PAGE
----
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Posts Tagged ‘taking the long view’

In this instant age, it can be irksome to have to wait, can’t it? We have become so used to finding instant answers on the net or buying that instant, fast food or contacting someone almost instantly. As a result, when we have to wait for something, we can feel quite put out and inconvenienced, as I did while waiting for my new car last year—and as I did again recently, while shopping at our local supermarket.

Usually, I am happy enough to wait my turn in that checkout queue, but this day, I had bought a lot of items, some of which were frozen—or had been! As I stood there, I felt for the lady before me who seemed lonely and needed to talk, yet I soon became annoyed with the person serving her. Yes, it is nice to connect personally with customers, but you don’t need to stand with your hands resting on the counter, doing nothing but talking, I fumed to myself!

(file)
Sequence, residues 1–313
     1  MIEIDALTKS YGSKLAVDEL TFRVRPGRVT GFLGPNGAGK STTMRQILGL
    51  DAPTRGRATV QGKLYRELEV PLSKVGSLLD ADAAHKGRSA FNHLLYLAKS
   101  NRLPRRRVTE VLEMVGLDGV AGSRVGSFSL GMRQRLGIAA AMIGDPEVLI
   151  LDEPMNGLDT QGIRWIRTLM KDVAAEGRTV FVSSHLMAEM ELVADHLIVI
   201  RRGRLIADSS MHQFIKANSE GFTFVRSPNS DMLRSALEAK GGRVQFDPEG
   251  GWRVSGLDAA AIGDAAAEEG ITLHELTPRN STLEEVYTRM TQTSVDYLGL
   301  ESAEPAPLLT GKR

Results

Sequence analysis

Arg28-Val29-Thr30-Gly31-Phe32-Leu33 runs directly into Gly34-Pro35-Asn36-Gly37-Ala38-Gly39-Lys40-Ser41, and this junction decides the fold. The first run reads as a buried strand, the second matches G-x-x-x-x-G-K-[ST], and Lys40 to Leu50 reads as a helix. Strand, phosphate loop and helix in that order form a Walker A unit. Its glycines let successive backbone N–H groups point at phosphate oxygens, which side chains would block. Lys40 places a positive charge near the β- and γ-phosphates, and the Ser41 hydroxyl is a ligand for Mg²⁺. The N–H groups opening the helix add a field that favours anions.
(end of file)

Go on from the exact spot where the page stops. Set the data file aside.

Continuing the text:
The lady behind me in the queue rolled her eyes and I did the same in return. There was nothing patient or godly about my response—but I did not care at that point.

I did care that evening, however, when I saw on the news how people in flooded areas of our country had to queue for ages outside their supermarkets to get even a few basic supplies. I felt rebuked indeed—and I knew I could have done better. After all, I have been writing for many years now—and one thing authors hopefully develop throughout the whole long-term endeavour of writing, editing, publishing and marketing books is much patience.

I was reminded of this recently during a promotional visit to a nearby bookstore. At one stage, I noticed a lady near my book table who seemed a little familiar. Eventually, I introduced myself and asked if we had met somewhere before.

‘Yes,’ she said, as she mentioned a particular meeting we had both attended. ‘I remember you talked about your book Soul Friend there.’